k; and if they will not fight and do their duty from honorable motives, I intend to coerce them and let them see what they have to expect if they pretend to rebel. I deprived the 79th of their colors, and have them downstairs, not to be returned to them until they have earned them again by good behavior. The great trouble is the want of officers of regiments. We have good material, but no officers. Aug. 14, 1861. I was so occupied yesterday that I could not write. Profs. Mahan and Bache at breakfast. Then came the usual levee. Then Burnside turned up, and I had to listen to his explanation of some slanders against him; then some naval officers; then I don't know how many others before dinner. After dinner I rode out until about nine, when I found the President had been to see me and wanted me at the White House. After I got through there I went to see Montgomery Blair on business. Then, on my return, found some more of the cabinet, McDowell, etc., so that it was after
ort Monroe, Lieut-Col. John W. Macomb was in charge of this department and prepared a large amount of valuable material. He was succeeded by Brig.-Gen. A. A. Humphreys, who retained the position throughout the Peninsular campaign. These officers were assisted by Lieuts. O. G. Wagner, N. Bowen, John M. Wilson, and James H. Wilson, topographical engineers. This number, although the greatest available, was so small that much of the duty of the department devolved upon parties furnished by Prof. Bache, Superintendent of the Coast Survey, and other gentlemen from civil life. Owing to the entire absence of reliable topographical maps, the labors of this corps were difficult and arduous in the extreme. Notwithstanding the energy and ability displayed by Gen. Humphreys, Lieut.-Col. Macomb, and their subordinates, who frequently obtained the necessary information under fire, the movements of the army were sometimes unavoidably delayed by the difficulty of obtaining knowledge of the coun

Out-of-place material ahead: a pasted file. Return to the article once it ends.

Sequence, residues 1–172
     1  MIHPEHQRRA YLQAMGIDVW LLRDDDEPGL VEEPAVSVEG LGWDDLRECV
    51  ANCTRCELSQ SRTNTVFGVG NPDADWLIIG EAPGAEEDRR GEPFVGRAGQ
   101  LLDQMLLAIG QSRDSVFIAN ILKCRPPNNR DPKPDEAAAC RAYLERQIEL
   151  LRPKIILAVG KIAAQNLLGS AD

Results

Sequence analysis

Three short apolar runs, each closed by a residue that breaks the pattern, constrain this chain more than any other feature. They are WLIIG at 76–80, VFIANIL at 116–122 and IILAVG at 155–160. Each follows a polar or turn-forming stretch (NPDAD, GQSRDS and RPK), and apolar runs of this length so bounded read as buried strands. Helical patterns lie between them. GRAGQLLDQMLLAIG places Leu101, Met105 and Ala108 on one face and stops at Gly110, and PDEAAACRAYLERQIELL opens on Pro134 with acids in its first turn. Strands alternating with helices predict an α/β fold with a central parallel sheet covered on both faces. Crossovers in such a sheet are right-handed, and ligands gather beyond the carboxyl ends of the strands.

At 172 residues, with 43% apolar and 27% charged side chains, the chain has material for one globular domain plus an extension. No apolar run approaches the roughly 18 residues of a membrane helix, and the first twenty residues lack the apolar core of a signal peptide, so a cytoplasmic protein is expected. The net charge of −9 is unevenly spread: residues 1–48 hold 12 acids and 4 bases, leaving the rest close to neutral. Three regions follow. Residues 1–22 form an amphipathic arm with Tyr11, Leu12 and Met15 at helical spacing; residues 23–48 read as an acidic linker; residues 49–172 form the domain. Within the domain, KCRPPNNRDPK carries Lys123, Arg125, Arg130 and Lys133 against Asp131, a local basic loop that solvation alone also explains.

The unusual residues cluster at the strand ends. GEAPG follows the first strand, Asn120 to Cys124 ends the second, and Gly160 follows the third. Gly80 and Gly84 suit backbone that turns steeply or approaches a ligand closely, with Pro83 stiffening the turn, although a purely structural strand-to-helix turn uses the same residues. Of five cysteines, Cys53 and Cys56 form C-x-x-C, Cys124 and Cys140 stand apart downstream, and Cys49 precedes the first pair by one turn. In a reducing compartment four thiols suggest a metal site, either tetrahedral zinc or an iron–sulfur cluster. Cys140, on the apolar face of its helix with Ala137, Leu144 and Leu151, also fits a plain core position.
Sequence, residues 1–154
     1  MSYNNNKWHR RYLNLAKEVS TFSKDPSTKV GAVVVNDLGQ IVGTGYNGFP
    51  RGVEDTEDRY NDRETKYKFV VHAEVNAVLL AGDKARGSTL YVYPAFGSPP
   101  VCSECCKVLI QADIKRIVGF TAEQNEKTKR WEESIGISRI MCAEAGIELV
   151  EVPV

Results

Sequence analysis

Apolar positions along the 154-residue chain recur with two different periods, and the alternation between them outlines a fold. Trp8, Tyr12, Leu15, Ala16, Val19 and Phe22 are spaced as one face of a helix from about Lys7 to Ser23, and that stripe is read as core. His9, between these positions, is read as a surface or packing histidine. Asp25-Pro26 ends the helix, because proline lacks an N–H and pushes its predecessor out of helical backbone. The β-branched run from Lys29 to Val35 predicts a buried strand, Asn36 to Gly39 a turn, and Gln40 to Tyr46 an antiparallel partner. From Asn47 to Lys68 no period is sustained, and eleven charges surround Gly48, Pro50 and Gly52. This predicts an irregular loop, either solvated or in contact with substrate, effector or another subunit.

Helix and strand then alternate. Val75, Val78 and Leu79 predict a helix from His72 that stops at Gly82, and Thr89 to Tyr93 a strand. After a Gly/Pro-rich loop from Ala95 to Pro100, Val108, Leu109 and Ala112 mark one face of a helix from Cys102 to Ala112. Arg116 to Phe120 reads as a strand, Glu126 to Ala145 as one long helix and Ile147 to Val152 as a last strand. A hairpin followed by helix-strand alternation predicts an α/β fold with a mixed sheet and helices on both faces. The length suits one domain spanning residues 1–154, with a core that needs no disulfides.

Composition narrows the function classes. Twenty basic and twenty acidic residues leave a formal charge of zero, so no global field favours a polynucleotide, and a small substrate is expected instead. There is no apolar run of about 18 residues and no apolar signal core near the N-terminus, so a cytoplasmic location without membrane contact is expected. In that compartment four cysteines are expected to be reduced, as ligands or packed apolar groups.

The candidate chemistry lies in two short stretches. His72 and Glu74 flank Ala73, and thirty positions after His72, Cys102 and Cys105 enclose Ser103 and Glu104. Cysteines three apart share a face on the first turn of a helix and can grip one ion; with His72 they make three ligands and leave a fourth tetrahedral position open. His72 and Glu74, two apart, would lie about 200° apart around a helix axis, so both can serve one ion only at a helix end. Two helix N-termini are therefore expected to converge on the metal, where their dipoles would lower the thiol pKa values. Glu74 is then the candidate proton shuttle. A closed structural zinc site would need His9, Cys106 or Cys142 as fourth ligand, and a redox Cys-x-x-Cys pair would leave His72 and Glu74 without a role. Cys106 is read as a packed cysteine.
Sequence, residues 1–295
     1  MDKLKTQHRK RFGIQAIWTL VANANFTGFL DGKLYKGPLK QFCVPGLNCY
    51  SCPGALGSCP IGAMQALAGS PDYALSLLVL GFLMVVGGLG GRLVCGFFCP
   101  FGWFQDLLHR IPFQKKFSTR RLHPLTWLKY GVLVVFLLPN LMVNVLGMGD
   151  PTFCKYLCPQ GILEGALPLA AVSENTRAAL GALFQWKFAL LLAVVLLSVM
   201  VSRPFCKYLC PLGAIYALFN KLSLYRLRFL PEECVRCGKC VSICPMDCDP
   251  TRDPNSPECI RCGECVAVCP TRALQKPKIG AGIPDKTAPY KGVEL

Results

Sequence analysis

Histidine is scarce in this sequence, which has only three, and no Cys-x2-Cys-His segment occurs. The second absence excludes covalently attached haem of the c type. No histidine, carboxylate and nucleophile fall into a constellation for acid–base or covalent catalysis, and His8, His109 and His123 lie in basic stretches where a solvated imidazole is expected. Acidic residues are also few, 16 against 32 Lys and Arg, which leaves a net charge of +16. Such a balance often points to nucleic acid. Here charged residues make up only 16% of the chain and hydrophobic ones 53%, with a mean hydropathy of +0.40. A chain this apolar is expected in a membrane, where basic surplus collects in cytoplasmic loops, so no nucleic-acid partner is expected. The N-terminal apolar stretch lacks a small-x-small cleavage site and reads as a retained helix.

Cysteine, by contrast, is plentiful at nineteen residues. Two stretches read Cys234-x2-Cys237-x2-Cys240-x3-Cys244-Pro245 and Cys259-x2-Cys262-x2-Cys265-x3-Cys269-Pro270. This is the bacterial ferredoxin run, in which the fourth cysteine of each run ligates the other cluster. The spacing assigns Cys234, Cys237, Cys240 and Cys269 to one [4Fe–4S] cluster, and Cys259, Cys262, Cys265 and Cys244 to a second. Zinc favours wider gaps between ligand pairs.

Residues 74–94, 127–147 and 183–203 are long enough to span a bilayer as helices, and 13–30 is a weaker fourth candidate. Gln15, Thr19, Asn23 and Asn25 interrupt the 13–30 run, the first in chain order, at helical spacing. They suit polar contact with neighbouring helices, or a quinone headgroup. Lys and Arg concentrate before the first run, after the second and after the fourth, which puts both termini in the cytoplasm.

dge-train. I went through the usual routine of being presented to an infinite number of ladies. Made a close inspection of the camp and of the men, and then returned. Nov. 30, 1861. I was hard at work until half-past 4, when I came back to dinner. Gen. Banks dined with me. When he left I had several business calls. At eight all the officers of the 4th Infantry, just returned from California, came to pay their respects. When they left I went to Com. Goldsborough, where he, Fox, Prof. Bache, and myself remained in serious consultation about naval and military movements until after midnight. Sandy Hook, near Harper's Ferry, Monday A. M., Feb. 27, 1862. . . . Here I still am. I crossed the river as soon as the bridge was finished, and watched the troops pass. It was a magnificent spectacle, one of the grandest I ever saw. As soon as my horse and escort got over I rode out to the line of pickets and saw for myself that everything was right and ready for an attack. The
imes and under the most trying circumstances. As soon as it became clear that no aid was to be had from the navy, and that we must reduce Yorktown by a front attack, I took steps to increase the number of heavy guns and mortars to the extent shown by the statement of batteries given hereafter. The number of officers of the corps of engineers and of the topographical engineers at my disposal was so small that it was necessary to supplement them by civilian employees kindly furnished by Prof. Bache, of the U. S. Coast Survey, and by details from the line. These civilian employees vied with the officers of the army in the courage, devotion, and intelligence with which they performed the dangerous and important duties devolving upon them, There were but twelve officers of the engineers, including four on duty with the three companies of engineer troops, and six of the topographical engineers. These officers at once proceeded to ascertain by close reconnoissances the nature and stren